Courtesy of Todd Phillips*
This morning, the Federal Reserve announced it would begin open-ended quantitative easing, offering to buy “Treasury securities and agency mortgage-backed securities in the amounts needed to support smooth market functioning and effective transmission of monetary policy.” This expands on its announcement last week that it’d buy up to $700 billion worth of the assets. Although QE is necessary in times of crisis to ensure that the financial system continues providing services to the non-financial economy, it has the side effect of increasing wealth inequality.
When the Fed commits to QE (or, presumably bonds under the new Primary Market Corporate Credit Facility and Secondary Market Corporate Credit Facility announced today), the Federal Reserve Bank of New York’s Open Market Trading Desk purchases assets from Primary Dealers, 24 of the largest Wall Street firms including Goldman Sachs, Bank of America, and J.P. Morgan. This has two effects: Primary Dealers have additional cash and the secondary market price for Treasuries and agency securities increases due to higher demand.
Although these effects are necessary in times of crisis to ensure the “plumbing” of the financial system operates smoothly, the beneficiaries of the Fed’s QE are the “haves,” with the “have nots” only getting anything that “trickles down” to them. The Primary Dealers increase their profits by using this additional cash to lend or make markets, and the holders of Treasuries and agency securities have higher asset values, increasing their wealth. If you don’t own Treasuries or agency securities when the Fed begins QE, you don’t benefit. The only hope for the 45% of Americans who own no securities at all is that QE beneficiaries invest in jobs.
None of this is to say that the Fed shouldn’t do large-scale asset purchases when necessary. Without QE in the aftermath of the 2008 Financial Crisis, the “have nots” and many of the “haves” likely would have been much worse off, facing higher unemployment and lower, slower growth. Still, after the economy stabilized following the crisis, the wealthy lent to corporations, which used this borrowed money to buy back their stock and increase their share prices, further enriching the 10% of households who own 84% of the stocks. Not all of this can be blamed on QE and other monetary policy tools, but as David Wessel of Brookings summarized in 2015, “the real [non-financial] economy has done worse than the Fed had hoped and asset prices have done better than the Fed had expected.”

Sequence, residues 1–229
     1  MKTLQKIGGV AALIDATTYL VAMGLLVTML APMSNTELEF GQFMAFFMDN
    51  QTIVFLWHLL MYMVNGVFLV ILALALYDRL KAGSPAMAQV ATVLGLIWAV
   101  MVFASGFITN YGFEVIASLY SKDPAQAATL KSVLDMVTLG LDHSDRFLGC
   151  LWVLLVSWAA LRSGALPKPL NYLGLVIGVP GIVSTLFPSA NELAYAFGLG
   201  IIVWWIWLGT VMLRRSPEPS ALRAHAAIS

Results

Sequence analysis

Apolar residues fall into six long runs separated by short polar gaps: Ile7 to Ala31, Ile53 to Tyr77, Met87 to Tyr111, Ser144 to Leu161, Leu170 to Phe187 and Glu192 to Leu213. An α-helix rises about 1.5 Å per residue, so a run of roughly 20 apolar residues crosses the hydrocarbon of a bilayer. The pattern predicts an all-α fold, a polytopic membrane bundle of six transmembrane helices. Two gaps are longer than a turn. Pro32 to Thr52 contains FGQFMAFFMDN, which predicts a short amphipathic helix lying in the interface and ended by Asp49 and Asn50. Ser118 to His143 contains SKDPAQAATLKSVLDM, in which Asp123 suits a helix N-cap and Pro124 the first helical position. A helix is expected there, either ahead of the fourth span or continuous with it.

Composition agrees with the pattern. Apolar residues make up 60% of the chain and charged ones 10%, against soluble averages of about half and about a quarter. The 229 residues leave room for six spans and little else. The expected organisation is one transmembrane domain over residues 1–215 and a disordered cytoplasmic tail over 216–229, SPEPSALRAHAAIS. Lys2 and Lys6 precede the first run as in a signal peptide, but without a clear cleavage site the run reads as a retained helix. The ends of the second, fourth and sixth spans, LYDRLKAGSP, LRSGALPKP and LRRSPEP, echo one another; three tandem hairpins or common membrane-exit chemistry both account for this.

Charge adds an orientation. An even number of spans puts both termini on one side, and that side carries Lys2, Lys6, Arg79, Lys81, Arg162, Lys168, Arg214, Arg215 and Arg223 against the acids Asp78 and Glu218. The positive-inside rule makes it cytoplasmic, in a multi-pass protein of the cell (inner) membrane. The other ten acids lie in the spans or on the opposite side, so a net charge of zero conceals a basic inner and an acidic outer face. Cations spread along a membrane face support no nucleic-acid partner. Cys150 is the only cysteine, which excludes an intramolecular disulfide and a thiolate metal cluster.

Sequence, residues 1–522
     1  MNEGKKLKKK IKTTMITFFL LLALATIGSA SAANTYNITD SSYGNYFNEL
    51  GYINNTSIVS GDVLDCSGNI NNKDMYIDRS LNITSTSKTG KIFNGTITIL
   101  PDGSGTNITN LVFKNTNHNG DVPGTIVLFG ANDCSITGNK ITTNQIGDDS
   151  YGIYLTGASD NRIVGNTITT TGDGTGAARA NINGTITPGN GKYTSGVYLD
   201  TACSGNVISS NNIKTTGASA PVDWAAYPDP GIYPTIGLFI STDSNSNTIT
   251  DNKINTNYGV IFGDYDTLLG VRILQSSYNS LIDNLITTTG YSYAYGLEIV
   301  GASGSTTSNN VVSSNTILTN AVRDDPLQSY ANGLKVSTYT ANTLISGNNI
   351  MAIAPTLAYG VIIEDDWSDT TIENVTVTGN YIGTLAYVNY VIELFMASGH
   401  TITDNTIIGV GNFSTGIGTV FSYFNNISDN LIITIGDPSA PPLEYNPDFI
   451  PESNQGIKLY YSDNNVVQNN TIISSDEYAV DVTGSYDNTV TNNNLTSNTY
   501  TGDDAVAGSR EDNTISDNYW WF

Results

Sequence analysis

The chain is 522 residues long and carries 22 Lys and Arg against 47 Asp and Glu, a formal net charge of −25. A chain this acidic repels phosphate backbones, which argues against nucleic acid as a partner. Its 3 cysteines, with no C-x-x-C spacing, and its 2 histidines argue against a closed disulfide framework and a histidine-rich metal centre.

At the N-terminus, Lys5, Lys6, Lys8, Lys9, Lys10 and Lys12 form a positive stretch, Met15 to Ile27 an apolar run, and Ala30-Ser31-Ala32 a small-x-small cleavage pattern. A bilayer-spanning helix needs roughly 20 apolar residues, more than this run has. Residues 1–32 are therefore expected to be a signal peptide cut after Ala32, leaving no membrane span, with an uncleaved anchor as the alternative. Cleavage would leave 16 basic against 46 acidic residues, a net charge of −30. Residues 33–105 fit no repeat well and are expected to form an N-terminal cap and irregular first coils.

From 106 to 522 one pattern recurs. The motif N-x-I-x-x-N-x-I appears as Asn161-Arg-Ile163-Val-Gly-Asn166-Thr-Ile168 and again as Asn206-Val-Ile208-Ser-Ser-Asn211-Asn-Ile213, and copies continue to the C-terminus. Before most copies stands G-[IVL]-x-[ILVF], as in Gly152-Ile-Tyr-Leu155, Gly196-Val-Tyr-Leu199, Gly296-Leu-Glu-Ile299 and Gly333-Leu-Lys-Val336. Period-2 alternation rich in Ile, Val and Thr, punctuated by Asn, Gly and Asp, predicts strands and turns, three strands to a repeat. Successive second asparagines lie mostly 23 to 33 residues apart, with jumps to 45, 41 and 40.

The responsibility of ensuring the Fed’s QE doesn’t result in greater wealth inequality falls on the elected branches of government to provide adequate fiscal policy. Following the Financial Crisis, not enough was done to support workers, instead allowing extreme wealth to concentrate at the top and the middle class to be squeezed.
Congress and the President must act decisively now. As the House, Senate, and President debate a stimulus package, they should enact policies that would provide significant benefits to low- and moderate-income families and would allow the wealth to “trickle up” through the system to work in tandem with the Fed’s “trickle down” efforts. For example, the largest share of any stimulus payments should go to those with the lowest incomes. Any stimulus should also shore up state unemployment insurance programs, boost SNAP benefits and repeal recent efforts to limit SNAP eligibility, and increase funding for and the reach of Medicaid health insurance. To the extent that specific industries require bailouts to rescue the broader economy, Congress should place restrictions on those funds ensuring that employees are not let go, prohibit management-enriching bonuses and manipulative stock buybacks, and even consider wiping out shareholders’ equity. All these actions, and more, would work to reduce wealth inequality at a time when it would otherwise be rising.
All in all, the Federal Reserve is right to act quickly and decisively with quantitative easing; the economy and all members of the public—from the richest to the poorest—would be worse without it. However, elected officials must enact legislation to counteract any wealth inequality the Fed’s efforts create.
*Todd Phillips is a government lawyer in Washington, DC. This post expresses the author’s personal views alone.